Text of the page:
As there are no comparative studies of budesonide/fluticasone, on adrenal suppression in COPD, it is difficult to decide which one to choose on initiation of therapy. The aim of this study was to compare the effect of the two combination steroid preparations on adrenal function since this could influence treatment decision in specific patient groups considered more at risk for systemic adverse effects.
The primary objective of the study was to determine the adverse effects of budesonide/formoterol, 400 μg/12 μg twice a day, and fluticasone/salmeterol, 500 μg/50 μg twice a day, with respect to adrenal function as measured by the overnight urinary cortisol/creatinine ratio. The secondary objective of this study was to evaluate local adverse effects with either steroid formulation.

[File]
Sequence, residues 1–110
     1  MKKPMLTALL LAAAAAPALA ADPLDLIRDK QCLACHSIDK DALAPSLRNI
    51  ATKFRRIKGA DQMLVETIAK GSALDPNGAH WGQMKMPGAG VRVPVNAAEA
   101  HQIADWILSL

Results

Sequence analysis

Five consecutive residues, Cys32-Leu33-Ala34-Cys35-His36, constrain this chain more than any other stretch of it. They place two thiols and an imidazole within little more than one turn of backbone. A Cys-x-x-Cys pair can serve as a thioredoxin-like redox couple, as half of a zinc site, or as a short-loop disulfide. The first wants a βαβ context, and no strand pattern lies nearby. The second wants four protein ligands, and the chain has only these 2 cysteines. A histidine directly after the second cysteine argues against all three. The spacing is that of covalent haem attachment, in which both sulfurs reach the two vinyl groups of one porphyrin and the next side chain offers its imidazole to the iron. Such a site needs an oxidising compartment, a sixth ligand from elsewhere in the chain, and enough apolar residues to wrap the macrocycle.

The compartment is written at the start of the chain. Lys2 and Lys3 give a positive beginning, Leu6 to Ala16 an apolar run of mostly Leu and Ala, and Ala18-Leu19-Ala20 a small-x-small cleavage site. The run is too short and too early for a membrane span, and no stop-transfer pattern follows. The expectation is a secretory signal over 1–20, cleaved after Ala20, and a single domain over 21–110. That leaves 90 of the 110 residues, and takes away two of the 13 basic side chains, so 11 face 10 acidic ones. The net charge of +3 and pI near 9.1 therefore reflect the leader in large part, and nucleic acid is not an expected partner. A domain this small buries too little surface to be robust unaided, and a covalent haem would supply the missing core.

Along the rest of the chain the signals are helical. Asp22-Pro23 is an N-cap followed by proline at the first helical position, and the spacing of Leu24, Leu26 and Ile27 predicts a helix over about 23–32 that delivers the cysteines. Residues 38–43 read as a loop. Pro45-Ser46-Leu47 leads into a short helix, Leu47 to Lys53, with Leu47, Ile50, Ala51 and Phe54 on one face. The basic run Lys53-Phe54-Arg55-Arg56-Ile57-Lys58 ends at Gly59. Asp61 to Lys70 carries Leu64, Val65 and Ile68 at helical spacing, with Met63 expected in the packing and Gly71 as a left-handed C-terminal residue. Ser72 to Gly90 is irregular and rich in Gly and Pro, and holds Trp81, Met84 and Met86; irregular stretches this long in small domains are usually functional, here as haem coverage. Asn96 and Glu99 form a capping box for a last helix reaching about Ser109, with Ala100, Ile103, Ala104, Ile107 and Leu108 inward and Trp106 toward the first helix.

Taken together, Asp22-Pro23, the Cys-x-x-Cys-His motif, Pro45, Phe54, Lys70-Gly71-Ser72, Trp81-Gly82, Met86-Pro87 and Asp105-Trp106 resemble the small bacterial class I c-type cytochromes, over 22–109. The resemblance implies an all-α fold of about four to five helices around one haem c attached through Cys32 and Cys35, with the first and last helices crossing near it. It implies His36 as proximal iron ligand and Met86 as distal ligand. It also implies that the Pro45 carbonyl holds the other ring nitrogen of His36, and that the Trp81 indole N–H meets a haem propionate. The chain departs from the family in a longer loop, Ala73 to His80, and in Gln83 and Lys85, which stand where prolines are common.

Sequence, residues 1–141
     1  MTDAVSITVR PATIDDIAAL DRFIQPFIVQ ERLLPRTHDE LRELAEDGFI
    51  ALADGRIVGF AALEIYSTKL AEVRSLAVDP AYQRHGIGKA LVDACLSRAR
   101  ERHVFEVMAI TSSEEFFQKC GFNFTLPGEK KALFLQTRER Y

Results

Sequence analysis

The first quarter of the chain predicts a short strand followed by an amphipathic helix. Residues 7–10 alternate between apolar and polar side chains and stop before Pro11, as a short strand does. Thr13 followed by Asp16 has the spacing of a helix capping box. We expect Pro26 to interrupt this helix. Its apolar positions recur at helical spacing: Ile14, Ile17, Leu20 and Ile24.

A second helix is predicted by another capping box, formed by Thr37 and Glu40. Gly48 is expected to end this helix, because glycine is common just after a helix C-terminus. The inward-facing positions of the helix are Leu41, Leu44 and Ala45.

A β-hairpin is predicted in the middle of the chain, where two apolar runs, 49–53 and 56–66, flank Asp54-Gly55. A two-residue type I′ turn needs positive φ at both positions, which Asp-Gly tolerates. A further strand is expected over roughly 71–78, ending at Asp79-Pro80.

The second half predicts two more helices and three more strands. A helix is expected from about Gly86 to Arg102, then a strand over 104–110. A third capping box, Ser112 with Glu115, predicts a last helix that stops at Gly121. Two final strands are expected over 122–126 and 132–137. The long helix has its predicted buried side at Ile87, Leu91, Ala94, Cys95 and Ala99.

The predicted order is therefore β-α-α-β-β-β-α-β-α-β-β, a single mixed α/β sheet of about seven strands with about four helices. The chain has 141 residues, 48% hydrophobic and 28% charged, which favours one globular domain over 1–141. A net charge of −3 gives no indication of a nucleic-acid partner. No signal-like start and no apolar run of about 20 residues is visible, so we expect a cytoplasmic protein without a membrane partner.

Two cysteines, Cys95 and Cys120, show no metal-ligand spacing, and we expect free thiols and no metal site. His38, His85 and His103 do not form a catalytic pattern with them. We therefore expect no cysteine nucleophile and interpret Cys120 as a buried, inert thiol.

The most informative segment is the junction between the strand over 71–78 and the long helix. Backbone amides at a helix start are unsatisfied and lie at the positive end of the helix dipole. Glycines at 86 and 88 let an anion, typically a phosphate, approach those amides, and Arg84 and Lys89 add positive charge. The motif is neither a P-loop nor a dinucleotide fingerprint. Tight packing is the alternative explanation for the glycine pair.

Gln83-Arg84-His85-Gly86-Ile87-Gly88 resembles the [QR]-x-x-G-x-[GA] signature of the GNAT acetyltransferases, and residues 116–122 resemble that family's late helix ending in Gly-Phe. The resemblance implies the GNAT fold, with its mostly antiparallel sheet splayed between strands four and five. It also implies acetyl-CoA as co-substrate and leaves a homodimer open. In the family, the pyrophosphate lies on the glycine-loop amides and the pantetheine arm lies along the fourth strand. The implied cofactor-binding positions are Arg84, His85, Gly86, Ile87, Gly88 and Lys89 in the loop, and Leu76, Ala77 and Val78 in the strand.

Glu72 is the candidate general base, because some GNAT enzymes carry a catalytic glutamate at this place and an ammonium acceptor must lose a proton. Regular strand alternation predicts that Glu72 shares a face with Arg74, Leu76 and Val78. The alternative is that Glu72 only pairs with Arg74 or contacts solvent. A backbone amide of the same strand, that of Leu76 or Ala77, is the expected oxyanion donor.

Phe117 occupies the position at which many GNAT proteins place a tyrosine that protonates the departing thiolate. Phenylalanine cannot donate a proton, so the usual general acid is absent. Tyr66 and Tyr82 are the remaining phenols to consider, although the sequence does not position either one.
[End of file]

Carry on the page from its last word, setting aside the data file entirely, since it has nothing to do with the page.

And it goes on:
This was an 8-week open label crossover study. A 4-week treatment period with budesonide or fluticasone, in a dry powder via turbohaler or accuhaler, respectively was followed by 4 weeks of the alternative inhaler.
Male and female patients with a diagnosis of moderate to severe COPD were invited to participate in the study from outpatient clinics. The patients had to be ≥40 years of age, have a smoking history of ≥10 pack-years, FEV1 of ≤50% of predicted, and their current treatment consisted of a combination of inhaled steroid and LABA at a dose of 800 or 1 000 μg for budesonide or fluticasone, respectively. Treatment requirements had to be stable for at least 4 weeks prior to recruitment. Medications, including short-acting β2-adrenoceptor agonists, anticholinergics, and tiotropium, were permitted during the study.